9 9 of amenity) were too low. In consequence, this element of awards to the most seriously injured has increased by approximately a third with proportionately smaller increases for the less seriously hurt. 44 This combination of judicially-inspired increases, together with certain statutory changes, 45 has undoubtedly contributed to pushing up the size of settlements and awards and, consequently, the cost of liability insurance, though not in a directly linear manner. Higher premiums burden those called upon to pay them and should properly concern the legal system also, which has operated for more than a hundred years on the largely unspoken assumption that the principal categories of defendants are able to insure themselves. Thus Morgan, for example, is plausibly able to say that liability insurance is 'the only thing keeping the tort system viable'. 46 In 2003, sensitive to misgivings expressed by some business lobbies about the affordability of liability (especially employers' liability) insurance, the government instituted separate enquiries by the Office of Fair Trading and the Department for Work and Pensions. 47 These reports confirm that the cost of employers' liability cover, in particular, has risen steeply over a relatively short period of time. Accounting for this outcome is less than straightforward, though it appears to have much more to do with insurers belatedly attempting to rectify accumulated losses caused by poor underwriting or investment decisions and historically unrealistic pricing policies, rather than to rises in the cost or number of injury claims. Either way, fortunately, we are nowhere near the point where mainstream liability insurance is unavailable or prohibitively expensive. 48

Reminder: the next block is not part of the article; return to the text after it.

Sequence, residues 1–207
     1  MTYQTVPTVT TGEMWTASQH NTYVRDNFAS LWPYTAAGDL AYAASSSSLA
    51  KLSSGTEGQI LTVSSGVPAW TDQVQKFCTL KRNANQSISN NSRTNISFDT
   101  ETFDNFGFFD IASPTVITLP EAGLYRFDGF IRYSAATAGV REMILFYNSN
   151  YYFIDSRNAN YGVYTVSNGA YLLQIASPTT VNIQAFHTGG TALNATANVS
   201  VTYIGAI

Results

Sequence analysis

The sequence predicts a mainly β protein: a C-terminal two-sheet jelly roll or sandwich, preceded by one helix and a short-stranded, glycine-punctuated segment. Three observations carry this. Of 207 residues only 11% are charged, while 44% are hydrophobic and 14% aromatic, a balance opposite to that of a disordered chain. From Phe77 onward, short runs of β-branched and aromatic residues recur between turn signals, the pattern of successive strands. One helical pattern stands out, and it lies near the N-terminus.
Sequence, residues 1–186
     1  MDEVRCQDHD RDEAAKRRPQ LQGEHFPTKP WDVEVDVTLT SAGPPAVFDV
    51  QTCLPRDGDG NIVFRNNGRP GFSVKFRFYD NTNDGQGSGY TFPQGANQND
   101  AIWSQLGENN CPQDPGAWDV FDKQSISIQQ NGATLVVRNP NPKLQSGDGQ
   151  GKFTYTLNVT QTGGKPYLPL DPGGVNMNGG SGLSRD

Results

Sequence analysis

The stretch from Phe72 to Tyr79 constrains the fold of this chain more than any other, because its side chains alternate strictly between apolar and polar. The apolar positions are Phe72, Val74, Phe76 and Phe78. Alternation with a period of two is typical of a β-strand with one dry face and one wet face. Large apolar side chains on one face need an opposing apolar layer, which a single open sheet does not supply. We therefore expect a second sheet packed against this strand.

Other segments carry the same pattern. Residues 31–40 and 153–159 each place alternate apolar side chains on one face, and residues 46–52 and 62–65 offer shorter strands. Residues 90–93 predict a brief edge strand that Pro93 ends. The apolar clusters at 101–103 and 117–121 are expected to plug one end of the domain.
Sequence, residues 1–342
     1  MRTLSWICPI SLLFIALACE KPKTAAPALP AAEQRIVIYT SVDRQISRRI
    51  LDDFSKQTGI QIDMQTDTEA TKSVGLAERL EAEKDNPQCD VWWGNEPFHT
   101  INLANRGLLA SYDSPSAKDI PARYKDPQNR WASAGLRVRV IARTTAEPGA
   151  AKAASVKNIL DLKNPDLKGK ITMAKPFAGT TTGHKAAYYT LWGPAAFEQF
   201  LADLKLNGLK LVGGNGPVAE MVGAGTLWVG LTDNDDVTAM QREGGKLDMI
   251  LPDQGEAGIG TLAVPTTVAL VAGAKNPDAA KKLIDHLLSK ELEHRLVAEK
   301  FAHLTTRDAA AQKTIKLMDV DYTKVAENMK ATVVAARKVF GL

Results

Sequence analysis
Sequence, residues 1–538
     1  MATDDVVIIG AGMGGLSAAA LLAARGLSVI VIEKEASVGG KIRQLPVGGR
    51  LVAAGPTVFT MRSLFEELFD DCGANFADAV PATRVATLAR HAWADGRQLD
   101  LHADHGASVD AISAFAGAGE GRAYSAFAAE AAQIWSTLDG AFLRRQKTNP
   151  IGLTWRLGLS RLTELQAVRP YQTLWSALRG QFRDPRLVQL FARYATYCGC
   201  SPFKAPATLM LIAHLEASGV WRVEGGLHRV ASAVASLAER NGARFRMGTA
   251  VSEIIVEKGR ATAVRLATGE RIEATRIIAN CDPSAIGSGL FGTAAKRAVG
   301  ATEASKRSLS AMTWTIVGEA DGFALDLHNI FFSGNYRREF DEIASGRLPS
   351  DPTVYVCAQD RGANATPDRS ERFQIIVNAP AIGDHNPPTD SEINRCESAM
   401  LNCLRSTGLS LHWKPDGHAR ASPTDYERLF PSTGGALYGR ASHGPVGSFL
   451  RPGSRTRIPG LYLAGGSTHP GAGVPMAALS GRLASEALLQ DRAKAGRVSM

10 10 The 'real' problem and some of its causes. The idea that defendants are beset by ever increasing numbers of doubtful claims is not proven. Indeed, the 'problem' we started with seems to have come down to this; that whatever may be the actual likelihood of irresponsible litigation, many believe themselves to be at heightened risk of being unfairly sued. According to the Task Force, this critical misperception or 'urban myth' induces socially and economically damaging risk-averse behaviour. Reputedly, organisations become less innovative, scarce resources that would be better applied elsewhere are unproductively diverted, unnecessarily costly safety precautions are taken, sometimes beneficial activities are fearfully abandoned altogether. 49 It is worth adding that in low trust organisations operating an internal 'blame culture' there is evidence that staff are less likely to report adverse events, while the accuracy of such reports as are made is likely to be questionable. For such organisations, one unfortunate consequence is that they have fewer opportunities to learn from their mistakes. 50 Rather than trying to establish the extent of this allegedly fateful misunderstanding or document its precise effects, a difficult task at the best of times, 51 the recent analyses instead seek to identify external causes to explain what looks like a collective loss of nerve on the part of potential defendants. Effectively they say that whilst some liability stories may be media exaggerations or even apocryphal, business and the public sector have been put on the defensive by the introduction of conditional fee agreements (CFAs) and the aggressive tactics of some claims management companies and solicitors' practices. Notwithstanding that Claims Direct and The Accident Group, the initial market leaders, went into liquidation in 2003, the Task Force assert that 'people are still being encouraged to "have a go" by the more unethical claims